Indiana has made a minor amendment to its data breach notification law. Starting July 1, companies who are obligated to notify under the law must do so (to affected individuals and the Indiana Attorney General) without unreasonable delay, but no later than 45 days after discovery of the breach. This changes the current time frame, which is “without unreasonable delay.” Indiana joins many other states that impose a specific timing requirement, in particular no later than 45 days after determining there has been a breach. For example, Alabama, Maryland, Ohio, and Wisconsin (among several others) all require notice to individuals no later than 45 days from discovery.

Continue Reading Indiana Breach Notification Law Amended, Changes Effective July 1, 2022

President Biden recently signed into law the Cyber Incident Reporting for Critical Infrastructure Act of 2022 as a part of a larger omnibus appropriations bill.  The new law sets out mandatory reporting requirements for critical infrastructure entities in the event of certain cyber incidents and ransomware payments.  Under the Act, once implementing regulations are issued (which are not expected this year) covered entities will be subject to two new reporting requirements:  
Continue Reading Cybersecurity Act Signed Into Law Creates New Reporting Obligations

The State Attorneys General in New York and New Jersey recently settled with four companies over alleged HIPAA noncompliance following phishing attacks. The New Jersey settlements were brought against three NJ-based cancer care providers after a phishing attack on several employees’ email accounts. That attack resulted in the unauthorized access of the PHI of 105,200 patients. Although the providers had implemented safeguards, the NJAG concluded that those measures were insufficient to protect against reasonably anticipated threats. In particular, the NJAG was concerned that an accurate and thorough risk assessment had not been conducted, nor was there sufficient employee training. As part of the settlement, the providers agreed to pay $425,000.

Continue Reading States Catch Health Care Entities Taking the Bait in Phishing Attacks

The Colorado AG recently issued guidance on practices companies should consider to safeguard consumer data. This guidance was issued in response to companies asking what “reasonable” security means. While noting that the standard is a flexible one and calls for case-by-case determinations, the AG highlighted activities it will weigh when making a decision on whether companies are acting reasonably to safeguard information.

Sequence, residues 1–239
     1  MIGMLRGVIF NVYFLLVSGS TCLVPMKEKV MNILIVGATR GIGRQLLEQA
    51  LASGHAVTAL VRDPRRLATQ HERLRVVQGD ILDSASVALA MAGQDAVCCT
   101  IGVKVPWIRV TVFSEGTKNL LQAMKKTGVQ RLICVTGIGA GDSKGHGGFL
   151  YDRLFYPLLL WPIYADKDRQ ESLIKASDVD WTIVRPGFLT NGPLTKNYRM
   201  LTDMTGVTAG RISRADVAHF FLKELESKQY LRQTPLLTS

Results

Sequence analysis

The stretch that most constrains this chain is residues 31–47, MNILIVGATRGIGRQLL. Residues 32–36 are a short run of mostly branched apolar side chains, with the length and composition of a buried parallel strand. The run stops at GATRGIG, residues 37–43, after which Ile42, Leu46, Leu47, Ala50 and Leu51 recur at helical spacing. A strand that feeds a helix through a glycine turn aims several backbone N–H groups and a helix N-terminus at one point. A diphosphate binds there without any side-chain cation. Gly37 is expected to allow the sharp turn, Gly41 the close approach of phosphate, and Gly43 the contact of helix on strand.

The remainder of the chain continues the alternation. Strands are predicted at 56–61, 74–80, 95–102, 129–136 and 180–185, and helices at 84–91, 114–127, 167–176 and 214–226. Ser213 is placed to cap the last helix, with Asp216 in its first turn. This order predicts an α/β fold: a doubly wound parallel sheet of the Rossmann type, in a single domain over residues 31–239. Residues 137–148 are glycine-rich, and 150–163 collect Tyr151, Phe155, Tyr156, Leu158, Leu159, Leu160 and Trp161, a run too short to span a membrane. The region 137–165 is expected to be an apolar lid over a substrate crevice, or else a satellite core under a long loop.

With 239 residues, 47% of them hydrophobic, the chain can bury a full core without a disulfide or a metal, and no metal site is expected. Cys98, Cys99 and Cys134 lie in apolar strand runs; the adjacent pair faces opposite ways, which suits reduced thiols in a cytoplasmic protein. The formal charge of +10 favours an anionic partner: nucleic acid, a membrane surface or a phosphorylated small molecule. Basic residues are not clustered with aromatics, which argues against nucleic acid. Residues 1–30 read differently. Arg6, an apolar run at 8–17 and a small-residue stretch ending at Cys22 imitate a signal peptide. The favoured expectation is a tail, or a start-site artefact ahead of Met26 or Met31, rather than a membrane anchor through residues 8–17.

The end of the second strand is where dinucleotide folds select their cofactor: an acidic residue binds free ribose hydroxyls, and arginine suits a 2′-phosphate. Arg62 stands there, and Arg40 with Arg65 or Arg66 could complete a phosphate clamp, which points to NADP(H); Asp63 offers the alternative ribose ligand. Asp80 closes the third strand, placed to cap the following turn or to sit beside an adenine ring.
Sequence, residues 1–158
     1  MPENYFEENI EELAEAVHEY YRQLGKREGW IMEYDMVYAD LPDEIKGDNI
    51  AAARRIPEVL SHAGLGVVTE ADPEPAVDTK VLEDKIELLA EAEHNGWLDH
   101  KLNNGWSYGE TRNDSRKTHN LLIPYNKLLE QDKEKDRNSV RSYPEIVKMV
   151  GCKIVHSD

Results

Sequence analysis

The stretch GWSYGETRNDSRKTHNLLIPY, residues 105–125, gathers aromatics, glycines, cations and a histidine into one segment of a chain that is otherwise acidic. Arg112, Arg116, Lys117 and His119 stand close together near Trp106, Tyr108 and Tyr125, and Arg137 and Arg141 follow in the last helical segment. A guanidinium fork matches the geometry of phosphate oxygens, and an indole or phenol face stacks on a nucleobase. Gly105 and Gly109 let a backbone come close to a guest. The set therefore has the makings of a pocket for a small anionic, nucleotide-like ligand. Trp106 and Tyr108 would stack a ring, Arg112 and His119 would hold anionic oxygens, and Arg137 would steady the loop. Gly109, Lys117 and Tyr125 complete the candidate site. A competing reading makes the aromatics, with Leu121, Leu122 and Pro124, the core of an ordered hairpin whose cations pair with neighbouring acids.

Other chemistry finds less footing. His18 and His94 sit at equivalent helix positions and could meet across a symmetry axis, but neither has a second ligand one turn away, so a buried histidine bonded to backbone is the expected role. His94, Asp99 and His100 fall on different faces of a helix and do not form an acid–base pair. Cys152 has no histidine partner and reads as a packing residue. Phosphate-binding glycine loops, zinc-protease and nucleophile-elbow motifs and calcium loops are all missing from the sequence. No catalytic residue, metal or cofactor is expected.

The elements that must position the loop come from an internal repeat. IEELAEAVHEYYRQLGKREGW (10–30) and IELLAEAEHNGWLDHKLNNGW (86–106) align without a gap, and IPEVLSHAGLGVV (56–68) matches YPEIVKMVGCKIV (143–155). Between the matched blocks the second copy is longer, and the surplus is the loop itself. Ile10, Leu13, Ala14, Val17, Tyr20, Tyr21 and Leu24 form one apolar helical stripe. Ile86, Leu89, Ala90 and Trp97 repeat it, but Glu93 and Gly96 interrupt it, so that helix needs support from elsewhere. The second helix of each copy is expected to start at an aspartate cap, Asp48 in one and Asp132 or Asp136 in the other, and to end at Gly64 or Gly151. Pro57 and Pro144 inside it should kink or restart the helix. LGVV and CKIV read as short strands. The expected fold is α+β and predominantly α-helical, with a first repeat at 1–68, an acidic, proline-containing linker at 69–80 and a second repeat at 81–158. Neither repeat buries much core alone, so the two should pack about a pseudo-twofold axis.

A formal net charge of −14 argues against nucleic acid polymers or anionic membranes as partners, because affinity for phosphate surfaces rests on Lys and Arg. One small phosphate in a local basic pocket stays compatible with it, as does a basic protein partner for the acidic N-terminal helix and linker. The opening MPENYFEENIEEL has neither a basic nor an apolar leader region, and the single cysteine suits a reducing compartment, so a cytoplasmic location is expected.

Continue Reading Colorado AG Issues Guidance on Data Security Best Practices

Federal banking regulators issued a final rule that impacts how banks and other regulated entities report certain data incidents.  Those subject to these new reporting requirements include U.S. banks and bank service providers. The rule is effective April 1, 2022, and covered entities are expected to comply with the final rule by May 1, 2022. The new requirements reflect ongoing concern to identify and stop computer security incidents before they become systemic.
Continue Reading Beginning in May 2022 Banks Will Have 36 Hours to Disclose Certain Types of Cyber Incidents

California recently updated both its data security and breach notice laws to include genetic data. With the passage of AB 825, the data security law now includes in the definition of “personal information” genetic data. The information needs to be “reasonably protected.” While many other states have similar “reasonable protection” requirements in their data security laws, California is one of a handful to specifically list genetic information.

Continue Reading California Broadens Security and Breach Laws, Includes Genetic Data

In the wake of increased ransomware attacks over the course of the last several months, the US Department of Treasury’s Office of Foreign Assets Control (OFAC) has updated a guidance it released last year on potential sanction risks if facilitating ransomware payments. As indicated in the original guidance, OFAC has designated several threat actors as “malicious cyber attackers,” including the developers of Cryptolocker, SamSam, WannaCry, and Dridex. OFAC has indicated that it will impose sanctions on those who financially (or otherwise support) these actors, including by making ransomware payments to them. Sanctions can range from non-public (for example No Action Letters or Cautionary Letters) to public actions (including for example payment of civil monetary penalties).

Continue Reading Do You Have a Risk-Based Sanctions Compliance Program?: In the Event of a Ransomware Attack, OFAC Wants to Know

The FTC recently settled with a surveillance app operator over allegations that the company facilitated the secret harvesting of personal information. According to the FTC, the main users of Support King, LLC’s “SpyFone” app were bad actors who used the tool to remotely monitor users’ physical and digital activities. The FTC dismissed the company’s argument that the users were employers and parents as a “pretext.” It felt neither group would want to use the product, which to install required minimizing the device’s security settings and potentially voiding the device warranty.

Continue Reading FTC Surveillance App Settlement Signals Concern Over Deceptive Tracking

The New York Department of Financial Service recently clarified security incident notification requirements and the use of multi-factor authentication. On its FAQ page, the NYDFS added two new questions and answers for financial services companies subject to 23 NYCRR Part 500.

Continue Reading NYDFS FAQ Provides Clarity on Breach Notification and Security Requirements